HAF: Ogigami Naoko Seeking Path to Healing Through ‘Blind Forest’

Japanese writer-director Ogigami Naoko has a track record of creating sensitive, emotionally-healing dramas that are serious enough to grab festival attention, but which are spirited enough to also achieve commercial releases.

Her next project, “Blind Forest,” being pitched at the Hong Kong – Asia Film Financing Forum (HAF), is unlikely to stray far from that track.

Many of the director’s previous works (“Glasses” “Close Knit” “Yoshino’s Barber Shop”) involve the culture-clashing arrival of a stranger and their route to eventual accommodation.

The story in “Blind Forest” focuses on women in an institution (no prizes for guessing what kind) who are busily working on creating Braille texts for blind readers. While most Braille books these days are printed by special machines, the women are doing it the labor-intensive, old-fashioned way, with a needle. When a younger blind woman joins the team she reveals her special ability to see into the past. The unseeing newcomer discerns that the residents have all committed murder, and eventually comes to understand their motivations.

“In the novel ‘A Manual for Cleaning Women’ by Lucia Berlin, there was a description of a blind old lady reading a Braille newspaper on the bus. That image stuck with me and I decided to start writing a story about women and Braille,” Ogigami tells Variety explaining the origin of the fictional narrative.

“Braille is only used by a small minority of people, yet translating into Braille is a painstaking process done by volunteers. It is (an act of) ‘love.’ I created this story to depict the manual process of creating Braille text as a form of salvation for the former criminals, of healing for their past wounds.”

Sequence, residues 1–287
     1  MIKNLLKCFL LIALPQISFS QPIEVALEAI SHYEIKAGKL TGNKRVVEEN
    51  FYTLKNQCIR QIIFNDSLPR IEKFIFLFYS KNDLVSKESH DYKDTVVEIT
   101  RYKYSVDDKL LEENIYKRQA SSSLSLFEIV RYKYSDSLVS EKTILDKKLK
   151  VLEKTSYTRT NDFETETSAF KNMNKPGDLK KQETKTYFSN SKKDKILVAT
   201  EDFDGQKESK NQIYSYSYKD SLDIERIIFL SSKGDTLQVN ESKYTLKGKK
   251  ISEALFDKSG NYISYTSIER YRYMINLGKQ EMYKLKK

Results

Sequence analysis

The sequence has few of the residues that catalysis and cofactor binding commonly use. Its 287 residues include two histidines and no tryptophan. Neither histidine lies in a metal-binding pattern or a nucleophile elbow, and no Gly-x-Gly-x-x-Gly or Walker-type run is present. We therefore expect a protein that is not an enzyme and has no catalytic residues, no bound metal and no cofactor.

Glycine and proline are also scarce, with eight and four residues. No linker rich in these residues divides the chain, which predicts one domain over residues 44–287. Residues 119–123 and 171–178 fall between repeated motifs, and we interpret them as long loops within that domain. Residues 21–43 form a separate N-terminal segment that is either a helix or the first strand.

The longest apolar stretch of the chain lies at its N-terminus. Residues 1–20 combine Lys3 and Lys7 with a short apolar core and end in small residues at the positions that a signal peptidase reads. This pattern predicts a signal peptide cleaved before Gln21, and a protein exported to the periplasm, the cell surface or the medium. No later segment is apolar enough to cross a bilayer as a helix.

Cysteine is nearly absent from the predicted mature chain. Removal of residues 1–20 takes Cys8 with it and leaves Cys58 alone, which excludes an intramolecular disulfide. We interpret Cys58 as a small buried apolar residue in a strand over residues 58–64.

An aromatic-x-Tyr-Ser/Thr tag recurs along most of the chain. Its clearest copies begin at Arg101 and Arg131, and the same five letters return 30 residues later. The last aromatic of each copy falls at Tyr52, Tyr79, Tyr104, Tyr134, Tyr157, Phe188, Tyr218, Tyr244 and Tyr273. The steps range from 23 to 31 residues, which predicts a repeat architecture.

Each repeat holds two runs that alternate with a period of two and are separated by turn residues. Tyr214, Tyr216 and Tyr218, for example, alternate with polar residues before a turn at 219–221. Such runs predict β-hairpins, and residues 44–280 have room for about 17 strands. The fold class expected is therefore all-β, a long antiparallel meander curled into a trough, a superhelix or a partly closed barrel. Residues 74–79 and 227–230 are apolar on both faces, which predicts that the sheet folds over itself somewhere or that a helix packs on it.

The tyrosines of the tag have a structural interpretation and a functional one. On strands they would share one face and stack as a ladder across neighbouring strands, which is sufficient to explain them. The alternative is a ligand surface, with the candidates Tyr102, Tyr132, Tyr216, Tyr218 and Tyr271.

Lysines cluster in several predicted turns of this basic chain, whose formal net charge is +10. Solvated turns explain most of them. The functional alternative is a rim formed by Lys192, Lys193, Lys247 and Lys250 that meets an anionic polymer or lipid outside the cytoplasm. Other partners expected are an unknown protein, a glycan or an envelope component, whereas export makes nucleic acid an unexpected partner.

“When I write a story, I always think about the main character’s solitude. I think that has always been the theme of my films,” she says.

Ogigami says that Japan has much to reflect on. “It has been ten years since we had big earthquake and Tsunami. Year by year, as I get older, I cannot stop thinking about death. I would like to try to make this new film about women who are deep in grief,” Ogigami says.

Getting it on screen is expected to cost $1.25 million, according to HAF. “I hope I can find enough funds, make the film, take it to film festivals and distribute it all over the world,” Ogigami says. Some $200,000 of that total is already in place and she can count on the backing of FujiTV, one of Japan’s biggest film and TV corporations, as her producer.


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